One, not all games can be "changed" some are very linear and play like a story with a set ending. So, that doesn't really make sense.
Two, why is he only considering the story? I've seen some AMAZING graphic landscapes and awesome character designs in games but these are not art?
Three, we live in an ever changing world and I'm sure at some point in time there were people that thought movies could never be considered art or "high art" Ebert fails to even consider that games could be a new form of art altogether.

I think what bothers me the most about this whole thing is just how ignorant the statement is and coming from someone that I thought to be a fairly learned individual, its just disappointing.

Last edited by bizarrodin : 05-04-2010 at 06:53 AM.
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Old 05-04-2010, 07:48 PM
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It may just be his opinion but if I made something I thought was artistic and was proud of only to have Roger Ebert tell me its not art and can't be EVER, I think I'd care... don't see how you couldn't.



Ok, three things.
One, not all games can be "changed" some are very linear and play like a story with a set ending. So, that doesn't really make sense.
Two, why is he only considering the story? I've seen some AMAZING graphic landscapes and awesome character designs in games but these are not art?
Three, we live in an ever changing world and I'm sure at some point in time there were people that thought movies could never be considered art or "high art" Ebert fails to even consider that games could be a new form of art altogether.

I think what bothers me the most about this whole thing is just how ignorant the statement is and coming from someone that I thought to be a fairly learned individual, its just disappointing.
I agree. I think probably the closest thing I can think of to his definition of 'art' would be a game like Grim Fandango. He's probably never even heard of it, but being a Casablanca fan and having a linear story, he might appreciate it more than the shooters he's been referencing. Does anyone know if he's mentioned that his criteria for art is just his personal definition, or is he acting like he knows the 'true' definition of art and is schooling us knuckle draggers about the finer points of this exclusive club that he is speaking for?
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Old 05-22-2010, 02:31 AM
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Though this is a bit of a necro-post. My thoughts on Ebert stating that games can never be art are as follows.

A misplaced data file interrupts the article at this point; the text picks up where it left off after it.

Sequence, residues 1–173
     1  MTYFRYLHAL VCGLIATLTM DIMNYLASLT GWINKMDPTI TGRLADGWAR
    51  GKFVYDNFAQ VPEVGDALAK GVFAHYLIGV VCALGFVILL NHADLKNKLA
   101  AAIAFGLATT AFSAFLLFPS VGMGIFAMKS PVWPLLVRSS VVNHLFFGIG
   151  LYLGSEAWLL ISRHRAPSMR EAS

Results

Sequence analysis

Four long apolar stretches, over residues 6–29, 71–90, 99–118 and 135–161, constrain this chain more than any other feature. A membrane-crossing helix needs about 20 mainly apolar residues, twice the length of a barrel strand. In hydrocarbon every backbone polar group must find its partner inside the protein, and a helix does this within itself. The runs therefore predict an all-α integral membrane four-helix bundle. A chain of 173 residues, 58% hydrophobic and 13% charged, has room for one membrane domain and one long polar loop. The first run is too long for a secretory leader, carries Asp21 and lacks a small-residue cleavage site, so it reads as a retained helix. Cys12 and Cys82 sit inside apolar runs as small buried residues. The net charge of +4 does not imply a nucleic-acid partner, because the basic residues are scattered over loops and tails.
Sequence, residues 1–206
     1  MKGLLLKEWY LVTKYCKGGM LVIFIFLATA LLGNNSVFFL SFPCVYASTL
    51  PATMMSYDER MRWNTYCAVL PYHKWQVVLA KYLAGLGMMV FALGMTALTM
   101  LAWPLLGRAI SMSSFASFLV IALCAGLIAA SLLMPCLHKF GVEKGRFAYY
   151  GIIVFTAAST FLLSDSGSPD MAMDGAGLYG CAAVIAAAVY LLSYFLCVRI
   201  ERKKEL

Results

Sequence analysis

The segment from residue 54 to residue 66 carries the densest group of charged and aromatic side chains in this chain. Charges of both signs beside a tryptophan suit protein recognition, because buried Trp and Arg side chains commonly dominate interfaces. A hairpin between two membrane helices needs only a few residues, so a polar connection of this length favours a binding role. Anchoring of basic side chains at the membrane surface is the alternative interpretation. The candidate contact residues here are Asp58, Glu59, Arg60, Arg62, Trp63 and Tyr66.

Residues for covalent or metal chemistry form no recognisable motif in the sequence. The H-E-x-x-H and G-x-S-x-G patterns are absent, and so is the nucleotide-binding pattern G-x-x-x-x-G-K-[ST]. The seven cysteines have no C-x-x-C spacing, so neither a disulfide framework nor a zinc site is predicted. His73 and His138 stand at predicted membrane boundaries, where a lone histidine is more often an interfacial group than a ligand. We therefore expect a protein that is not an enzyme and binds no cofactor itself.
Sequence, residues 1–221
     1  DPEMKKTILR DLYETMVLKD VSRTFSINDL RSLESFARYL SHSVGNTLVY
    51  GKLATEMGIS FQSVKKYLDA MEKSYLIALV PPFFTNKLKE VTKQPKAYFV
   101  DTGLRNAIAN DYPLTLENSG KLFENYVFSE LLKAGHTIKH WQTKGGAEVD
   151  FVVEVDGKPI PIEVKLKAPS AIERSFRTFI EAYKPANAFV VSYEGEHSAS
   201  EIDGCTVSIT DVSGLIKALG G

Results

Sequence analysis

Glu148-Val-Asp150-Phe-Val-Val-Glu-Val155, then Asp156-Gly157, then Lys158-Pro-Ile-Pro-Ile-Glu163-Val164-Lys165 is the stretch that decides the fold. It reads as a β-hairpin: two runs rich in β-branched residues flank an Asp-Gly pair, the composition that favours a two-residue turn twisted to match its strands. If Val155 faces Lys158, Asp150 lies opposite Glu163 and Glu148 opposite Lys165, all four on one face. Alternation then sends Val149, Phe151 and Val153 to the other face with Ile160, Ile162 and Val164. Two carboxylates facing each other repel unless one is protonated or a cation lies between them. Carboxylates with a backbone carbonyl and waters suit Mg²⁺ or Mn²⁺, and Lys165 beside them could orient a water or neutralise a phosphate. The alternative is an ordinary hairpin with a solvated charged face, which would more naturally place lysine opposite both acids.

Ebert should know better than to evaluate a another type of media that he has no expertise in. Though I don't trust or him (or any critic for that matter) as a critic in general, he does have a level of knowledge and experience in the world of film that is justifies him to be a critic of film and maybe a screenplay critic.

If we want to use the actual definition of the word "art", then games can very much be art, just like many other media types. Does that mean that all creations in a perticular media classification automatically have an "art" classification? No, of course not.

In gaming, there have been plenty of titles that I would classify as "art". And just like other media, aspects of such titles can be broken down as "art" in varying ways. Here are a few games off the top of my head that I would classify as "art" and which aspect of the game is "artistic".

Examples:
Eufloria - Design, Presentation and Music
Dragon Age/Mass Effect (series) - Story, Character Design
Borderlands - Character Design, Presentation, Music
The Whispered World - Story
Many of the Final Fantasy Series - Story, Character Design, World Design

I'll stop there, but there so many more I couldn't possible list them all.

In summary, Ebert doesn't know what he is talking about and should stick to topics in which he has some level of expertise or at least knowledge of.
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Old 05-23-2010, 02:43 AM
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I could name hundreds but just give 2 examples.

Ico
Okami

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Old 05-23-2010, 09:59 PM
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Agree with all you guys. I heard someone say he was a cultural bigot, which I think is a very apt description.
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Old 05-27-2010, 04:30 PM
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I stand by PORTAL as one of the tightest gameplay experiences that I've ever gone through. It provokes thought and discussion in a memorable package. Where excellent pacing meets quality storytelling. "Ah yes, but is it art?"

One of my personal, greatest gaming accomplishments was convincing a non-gamer, ex-girlfriend that not only could she play PORTAL, but that she must. 2 sessions, 6 hours, and 3 failed attempts at deconstructing GlaDOS later, she beat it. She loved it. And wanted to discuss it.

PORTAL has a unique sense of place, a character with motivations and an actual arc, iconic imagery and world design, subtextual themes, and ultimately that certain spark that captures ones imagination.

Is this art or just a great game? Any entertainment experience that stays with the viewer/audience is art. I can instantly and easily counjour an escher-esque image of the twists and turns that game's visuals put me through. I'll never forget the wave cathartic hilarity that washed over me the first time I heard 'Still Alive.'

Games that exist in a finely-paced, tight package should be respected and elevated. PORTAL is kind of like Prince of Persia: The Sands of Time (2003) in that way...but my gayness for that game is a discussion for another time.

See also:
Flower (2009)
Passage (2007)
Shadow of the Colossus (2005)


Also...I love a lot of the games Ryodo, Triple110, and Punk0 are mentioning, too.

Last edited by gweedz : 05-27-2010 at 04:34 PM. Reason: to tell you all how awesome you are